The general theory of crime proposed by Gottfredson and Hirschi (1990) claims to be valid across time and space. That claim is assessed through an analysis of three categories of Nigerian crime—normal, political-economic, and riotous. Logical, empirical, and theoretical shortcomings in the theory are identified and discussed. Factually, many individuals who act imprudently (and criminally) in Nigeria do not seem to fit the low self-control characterization required under the theory. Logically and theoretically, unacknowledged value assumptions built into the theory undermine its claim to universality.
1.1 Background of the study
Gottfredson and Hirschi (1990) claim that their general theory of crime has universal status, that it is valid across time and space. They note that cultural imbalance theories, which they define as those theories that apply only to a particular culture, dominate traditional comparative criminology. Advocates of such theories argue that each culture has its own definitions of crime as well as historically specific root causes of criminality and deviance. Hence, a theory explaining common criminogenic factors across cultures cannot be developed. Breaking from this reasoning, Gottfredson and Hirschi (1990) argue that:
cultural variability is not important in the cau¬sation of crime, that we should look for con¬stancy rather than variability in the definition and causes of crime, and that a single theory of crime can encompass the reality of cross- cultural differences in crime rates. (Gottfred¬son and Hirschi, 1990:174-75)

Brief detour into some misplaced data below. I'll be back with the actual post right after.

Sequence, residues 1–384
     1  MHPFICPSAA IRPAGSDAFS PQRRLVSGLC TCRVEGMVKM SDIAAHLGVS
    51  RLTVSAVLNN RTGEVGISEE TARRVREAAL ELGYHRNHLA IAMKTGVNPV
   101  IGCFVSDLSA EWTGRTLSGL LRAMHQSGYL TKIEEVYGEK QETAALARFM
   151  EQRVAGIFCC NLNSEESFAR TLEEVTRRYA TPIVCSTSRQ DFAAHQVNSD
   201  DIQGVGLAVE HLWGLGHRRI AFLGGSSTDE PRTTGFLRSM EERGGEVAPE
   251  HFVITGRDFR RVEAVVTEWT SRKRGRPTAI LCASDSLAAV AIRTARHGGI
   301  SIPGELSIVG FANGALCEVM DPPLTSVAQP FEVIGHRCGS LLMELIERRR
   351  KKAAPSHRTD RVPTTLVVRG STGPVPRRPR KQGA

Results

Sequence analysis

Reliable and valid data concerning the pat¬terns of crime and deviance in Nigeria are non¬existent. As a result, an evaluation of the general theory cannot be based on statistical analyses and tests of specific empirical claims and propositions within the theory. Rather, a general critique is offered which analyzes how well the theory’s assumptions and logic fit the contexts and patterns of crime in Nigeria. This article argues that the claim to universality is unsubstantiated for two reasons: (a) the vari¬ety of crime in Nigeria makes it highly unlikely that one explanation fits all (except at a level of abstraction that cannot distinguish forms of behavior and, hence, does not have a de¬fined dependent variable); and, more impor¬tant, (b) the basic concepts employed in the theory —force, fraud, opportunities, social consensus, deviance, prudence, self-control — are saturated with culturally specific mean¬ings. Having been expelled from the theory by fiat, cultural imbalance creeps back in, like Robert Frost’s fog, on many little definitional feet through the back door. To make this argument, three general categories of crime in Nigeria (normal, political-economic, and riotous)1 first will be outlined. Second, the theories and explanations normally associated by researchers and pundits will be evaluated with each type of crime, and whether Gott¬fredson and Hirschi’s (1990) theory is capable of explaining the three types of crime will be examined. Last, some underlying limitations of the general theory will be identified, and an integrated approach to the study of crime will be called for.
1. Can the general theory of crime explain the patterns of crime observed in Nigeria?
2. What can it explain and where does it fail?
3. Which of its claims are more universalistic and which reflect the contexts from which
it was developed — observations of American crime and delinquency?
4 In short, do the assumptions and logic of the general theory, when examined in the con¬text of a developing country (Nigeria in this case), support a claim to universality?